“I would like to warn the many other people who panned the book that they might want to get a rain poncho, in case of inclement Ford.”
-Colson Whitehead, in response to being spat on by Pulitzer Prize-winner Richard Ford in 2002
Yesterday, an article by Guardian and Observer Books Editor Claire Armistead rekindled our interest in one of the literary world’s most notorious feuds. In her detailing of Richard Ford’s run-in’s down through the years with those authors who, in the pages of the New York Times, have been less-than-complimentary about his books, Armistead considered Ford’s behavior in the age of social media.
In light of this, we at Book Marks thought we’d take you back to the beginning of Ford and Whitehead’s falling-out, and give you a taste of the review in question.
“First things first: there is hardly a multitude of sins in Richard Ford’s latest volume of short stories. There is certainly a plenitude of lust, a brand of lukewarm lust that seems to have less to do with deep urges than with a need for a warm body you are not married to. There are a multitude of personality deficits on display, but they rarely approach the level of sin. If self-absorption, vague yearnings and a nagging sense of incompleteness are sins, then surely I will burn for all eternity, and I will save you a seat.
Almost every story deals with adultery, invariably in one of two stages: in the final dog days of an affair, or in the aftermath of an affair. The characters are nearly indistinguishable. If I were an epidemiologist, I’d say that some sort of spiritual epidemic had overtaken a segment of our nation’s white middle-class professionals, and has started to afflict white upper-middle-class professionals. These characters could use some good advice, and if they had friends, they might be able to ask for it, but they don’t have friends. Sometimes the men are named Roger or Tom, sometimes the women are named Nancy or Frances. If they have children, we rarely see them. Some of them meet in fancy hotel rooms, others prefer out-of-the-way motels. Whatever the specifics, adulterous or not, they bide their time for opportunities to offer portentous declarations about their predicaments like: ”Other people affect you. It’s really no more complicated than that’ and ‘I am sure now that all of this had to do with my impending failures.’ These declarations will strike you as plain-spoken and hard-earned wisdom, or easy banalities, depending on your mood or level of generosity.
“It is the end of an affair. An affair has just ended. A Muted Epiphany caps off each story, causing you to believe that perhaps, maybe, the protagonist might have learned an indefinable ‘something’ (one of Richard Ford’s favorite words), but it is hard to remain convinced. There is always another sinner and another sinned-against treading water. Just turn the page.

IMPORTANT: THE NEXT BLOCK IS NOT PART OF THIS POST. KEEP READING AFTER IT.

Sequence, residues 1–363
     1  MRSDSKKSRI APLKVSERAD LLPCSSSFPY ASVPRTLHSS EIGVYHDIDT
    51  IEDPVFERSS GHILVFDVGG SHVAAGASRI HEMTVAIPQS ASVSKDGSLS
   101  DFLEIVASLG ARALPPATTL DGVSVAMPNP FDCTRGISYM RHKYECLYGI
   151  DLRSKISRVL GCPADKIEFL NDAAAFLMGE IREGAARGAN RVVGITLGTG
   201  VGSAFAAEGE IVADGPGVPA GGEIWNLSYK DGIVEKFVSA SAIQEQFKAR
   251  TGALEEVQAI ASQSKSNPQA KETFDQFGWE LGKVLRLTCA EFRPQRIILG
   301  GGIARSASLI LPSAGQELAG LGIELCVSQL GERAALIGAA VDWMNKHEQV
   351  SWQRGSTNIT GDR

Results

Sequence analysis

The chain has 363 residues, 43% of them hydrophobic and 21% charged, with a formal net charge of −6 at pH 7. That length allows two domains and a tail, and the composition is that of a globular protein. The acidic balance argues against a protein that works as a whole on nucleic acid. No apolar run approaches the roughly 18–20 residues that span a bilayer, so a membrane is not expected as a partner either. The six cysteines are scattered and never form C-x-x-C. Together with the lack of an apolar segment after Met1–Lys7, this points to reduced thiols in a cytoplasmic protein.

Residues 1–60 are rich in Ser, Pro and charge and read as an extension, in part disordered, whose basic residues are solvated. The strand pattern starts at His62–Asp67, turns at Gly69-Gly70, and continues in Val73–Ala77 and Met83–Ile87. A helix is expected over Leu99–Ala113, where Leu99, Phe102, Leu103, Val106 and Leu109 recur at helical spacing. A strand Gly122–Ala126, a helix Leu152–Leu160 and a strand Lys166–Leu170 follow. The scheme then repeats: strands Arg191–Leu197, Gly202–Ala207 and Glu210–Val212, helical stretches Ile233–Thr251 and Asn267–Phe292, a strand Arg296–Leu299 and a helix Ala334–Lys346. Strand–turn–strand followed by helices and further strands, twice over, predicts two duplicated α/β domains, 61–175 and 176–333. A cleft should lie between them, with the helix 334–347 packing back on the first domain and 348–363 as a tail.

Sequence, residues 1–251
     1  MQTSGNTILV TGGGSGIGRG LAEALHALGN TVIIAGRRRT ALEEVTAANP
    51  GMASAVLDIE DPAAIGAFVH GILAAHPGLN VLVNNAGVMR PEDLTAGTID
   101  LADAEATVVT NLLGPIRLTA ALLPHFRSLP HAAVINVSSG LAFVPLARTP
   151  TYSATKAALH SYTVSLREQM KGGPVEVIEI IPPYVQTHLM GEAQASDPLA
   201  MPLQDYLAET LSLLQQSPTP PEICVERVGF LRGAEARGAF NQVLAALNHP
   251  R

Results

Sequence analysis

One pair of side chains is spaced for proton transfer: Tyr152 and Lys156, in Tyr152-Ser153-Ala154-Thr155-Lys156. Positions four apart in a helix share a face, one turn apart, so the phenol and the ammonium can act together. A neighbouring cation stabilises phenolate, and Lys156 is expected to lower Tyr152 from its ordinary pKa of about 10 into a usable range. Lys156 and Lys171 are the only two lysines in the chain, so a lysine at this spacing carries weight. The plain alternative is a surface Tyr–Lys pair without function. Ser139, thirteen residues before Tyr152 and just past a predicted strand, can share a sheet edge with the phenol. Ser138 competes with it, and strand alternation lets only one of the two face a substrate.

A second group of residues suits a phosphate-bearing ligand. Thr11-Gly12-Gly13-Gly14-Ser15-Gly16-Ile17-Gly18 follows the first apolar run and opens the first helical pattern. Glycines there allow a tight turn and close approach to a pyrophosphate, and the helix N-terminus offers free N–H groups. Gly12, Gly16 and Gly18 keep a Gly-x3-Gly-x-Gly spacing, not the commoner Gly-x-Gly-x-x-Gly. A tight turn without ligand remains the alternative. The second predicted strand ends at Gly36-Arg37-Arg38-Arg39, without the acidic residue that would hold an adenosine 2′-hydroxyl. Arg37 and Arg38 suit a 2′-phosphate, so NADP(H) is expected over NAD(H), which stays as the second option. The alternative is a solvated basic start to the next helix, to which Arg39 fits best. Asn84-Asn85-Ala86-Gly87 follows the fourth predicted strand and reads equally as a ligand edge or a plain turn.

These folks are plain mushy. They share a number of traits with Frank Bascombe, the protagonist of Ford’s novels The Sportswriter and Independence Day, but in those novels Frank earns our goodwill, and a great deal more. Bascombe is adrift, leading ‘the normal applauseless life of us all,’ but over the course of hundreds of pages manages to engage, despite, and perhaps because of, his inarticulate articulateness. ‘For some reason I have a feeling I won’t see her for a long time,’ Bascombe says of his wife early in The Sportswriter, ‘that something is over and something begun, though I cannot tell you for the life of me what those somethings might be.’ In A Multitude of Sins, the characters’ sense of befuddlement comes to infect, but never to enlighten, the reader.
“Nothing is extraneous. Since everything is there for a reason, and thus imbued with a purpose—why else would it be there?—each rhetorical prop radiates in neon, one of Chekhov’s guns on the wall waiting to go off in the third act. Will the man in the wheelchair, glimpsed by Nancy in ‘Charity,’ reappear before story’s end? Yes, and he will be flying a kite. And the kite will soar … A man in a wheelchair cannot just be a man in a wheelchair; he must be a vehicle to help a lame metaphor get around. Such is the method of the Well-Crafted Short Story. These stories, placed back to back, start to show their strings, although puppet master is perhaps not the way Ford would describe himself. When asked last year by The Kenyon Review what kind of relationship he has with his characters, Ford replied: ‘Master to slave. Sometimes I hear them at night singing over in their cabins.’ Singing. So that’s what that was. It sounded like whining.”
Editor’s note: A previous incarnation of this post included a passage from the above mentioned Guardian article which quoted two authors’ social media posts on this subject. It has been brought to our attention that said quotes were obtained without permission from either of them. In support of these authors we have removed the passage in question.